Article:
Intersectional Connection is what sustainable fashion is really all about. We consume with our money and we do not always check for the transparency of manufacturing and energy use in the corporations we are patronizing.
For every purchase, we make it is important to check the sustainability quotient of the company behind the garment. Good Trade has a nice list of reputable sustainable companies.
Is the fabric dead stock or innovative hemp or mushroom leather? Did you know leather is just plain bad? The rainforest is being mowed down not by soybeans but by leather. Forget about the dead cows it is bad for the people working in the tanneries that have a life expectancy of fifty years old. IE: Chemicals, river The faux leathers all have their own controversies but non as bad as real leather.
It is important that we demand transparency. What we are looking for?
Is the manufacturing local or overseas?
Are the wages a living wage?
Is the fabric organic cotton, recycled polyester, hemp, farmed silk, viscose, ag fibers trying to scale up.
Spending time a few weekends ago at the Impact Fashion Summit my initial takeaways are that maybe we shouldn’t call it fashion at all. Call it clothing. Slow fashion, sustainable fashion, be the change, start in your own small community.
The intricacies of fair-trade are beyond me.
Our trade agreements, like walls, keep foreign factories from having a better standard of living. Interesting and complex, we are always close to getting something humanitarian ratified.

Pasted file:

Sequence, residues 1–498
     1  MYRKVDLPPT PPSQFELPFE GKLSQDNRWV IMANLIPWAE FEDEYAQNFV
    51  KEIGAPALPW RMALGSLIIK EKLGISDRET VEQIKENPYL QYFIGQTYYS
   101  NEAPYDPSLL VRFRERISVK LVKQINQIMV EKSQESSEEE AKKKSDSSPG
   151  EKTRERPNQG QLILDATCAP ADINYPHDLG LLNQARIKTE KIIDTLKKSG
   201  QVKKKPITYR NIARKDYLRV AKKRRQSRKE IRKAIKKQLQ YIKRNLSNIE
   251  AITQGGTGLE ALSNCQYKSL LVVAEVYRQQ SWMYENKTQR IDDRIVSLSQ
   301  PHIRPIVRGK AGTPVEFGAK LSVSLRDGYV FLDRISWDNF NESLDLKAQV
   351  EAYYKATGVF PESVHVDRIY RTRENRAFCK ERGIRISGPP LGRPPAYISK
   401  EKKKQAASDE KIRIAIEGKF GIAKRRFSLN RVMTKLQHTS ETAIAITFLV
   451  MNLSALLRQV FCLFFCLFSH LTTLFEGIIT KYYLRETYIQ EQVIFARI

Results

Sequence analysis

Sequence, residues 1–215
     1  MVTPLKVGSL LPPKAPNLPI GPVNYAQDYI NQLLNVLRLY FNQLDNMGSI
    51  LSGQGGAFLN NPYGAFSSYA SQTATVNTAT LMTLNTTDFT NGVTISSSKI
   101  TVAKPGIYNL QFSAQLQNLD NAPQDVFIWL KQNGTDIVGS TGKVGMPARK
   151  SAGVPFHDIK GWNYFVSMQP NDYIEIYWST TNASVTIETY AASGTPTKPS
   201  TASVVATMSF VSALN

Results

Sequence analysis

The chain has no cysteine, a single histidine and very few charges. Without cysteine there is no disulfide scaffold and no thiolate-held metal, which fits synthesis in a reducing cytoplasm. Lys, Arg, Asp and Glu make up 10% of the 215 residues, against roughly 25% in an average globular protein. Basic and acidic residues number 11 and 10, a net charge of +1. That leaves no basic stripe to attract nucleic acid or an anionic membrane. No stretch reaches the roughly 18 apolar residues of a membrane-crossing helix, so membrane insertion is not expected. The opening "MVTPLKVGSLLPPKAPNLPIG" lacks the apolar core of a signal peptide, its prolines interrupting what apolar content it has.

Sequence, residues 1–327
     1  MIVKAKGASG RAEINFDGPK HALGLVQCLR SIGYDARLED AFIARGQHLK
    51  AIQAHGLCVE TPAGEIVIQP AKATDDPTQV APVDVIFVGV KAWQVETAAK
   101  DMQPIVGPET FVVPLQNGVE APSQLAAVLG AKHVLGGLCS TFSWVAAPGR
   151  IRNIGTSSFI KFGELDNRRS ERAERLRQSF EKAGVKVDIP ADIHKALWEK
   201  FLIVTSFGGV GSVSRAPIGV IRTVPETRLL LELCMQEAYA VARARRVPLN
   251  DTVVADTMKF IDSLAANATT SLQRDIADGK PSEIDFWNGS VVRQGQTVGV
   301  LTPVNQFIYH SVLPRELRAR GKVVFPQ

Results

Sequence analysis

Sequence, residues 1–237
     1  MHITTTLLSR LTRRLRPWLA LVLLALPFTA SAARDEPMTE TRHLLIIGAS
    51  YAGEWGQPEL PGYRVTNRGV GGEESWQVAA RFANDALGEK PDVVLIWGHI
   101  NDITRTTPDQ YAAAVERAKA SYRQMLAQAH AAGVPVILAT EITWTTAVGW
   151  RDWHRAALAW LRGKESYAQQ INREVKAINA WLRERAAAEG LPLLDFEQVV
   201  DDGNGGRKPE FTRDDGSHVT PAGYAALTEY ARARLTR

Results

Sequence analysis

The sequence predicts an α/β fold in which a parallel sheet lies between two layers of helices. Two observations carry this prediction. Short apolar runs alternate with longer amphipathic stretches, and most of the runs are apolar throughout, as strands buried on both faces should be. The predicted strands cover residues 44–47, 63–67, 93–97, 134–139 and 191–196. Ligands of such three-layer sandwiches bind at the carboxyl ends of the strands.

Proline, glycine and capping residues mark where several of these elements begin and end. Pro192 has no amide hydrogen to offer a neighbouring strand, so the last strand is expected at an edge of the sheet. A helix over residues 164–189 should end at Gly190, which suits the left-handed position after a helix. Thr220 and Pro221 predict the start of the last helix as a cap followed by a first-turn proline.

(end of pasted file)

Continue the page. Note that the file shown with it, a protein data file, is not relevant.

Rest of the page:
The miracle fabrics of the future are truly plant-based grown in regions that can handle certain plants. 2.5 billion people now will remember when we had choices in our fabric but the next 2.5 billion will have to rely on scaled-up versions made from plants.
Child labor is alive and well. San Salvador company closing after employees worked there for 10 to 35 years. Offered some old machines but no severance pay.
Fast fashion came about by the fashion industry feeding us clothing as fast as humanly possible to the point we kept consuming it since it was so affordable that now the fashion industry knows it has created a monster.
We need to get back to four or five seasons a year. Enjoy a regionally made garment of quality. Not exactly Slow Fashion in the strictest terms but back to enjoying the work, the product, and the necessity again for something we wear for a while because we love it.
How do we want to scale up? Most likely with a plant-based fiber that grows in a permaculture environment. The Tropical Regeneration ag movement is doing amazing work.
Is clothing disposable? Not from anyone’s standpoint is it disposable but it has become just that creating the leading cause of Climate Change on the planet.
We live in a time where clothing is so available we tend to buy it and dispose of it.
How we dispose of it is pretty key. Sell, and remake seems to be our only choices. Donations to people make sense or manufacturers but places like Goodwill usually end up taking it too the landfill eventually.
My personal favorite sustainable clothing is made from other clothes or upcycling. But I get sick of hearing that term. At its simplest, It is mending what you have, patching a hole, washing a stain out, sewing on a button, hemming, adding elastic, or taking inside seams for a better fit.
Sometimes it is deconstructed. Opening up all the seams to reveal pieces that can be put back together in a new and interesting way. Usually, it is a drastic artful altercation. But it also creates fabric to make whatever you want, and details to add wherever you want.
It is the ultimate utilitarian military-style or highly functional original dresses, shirts, and suits, clothing that fits and works with style.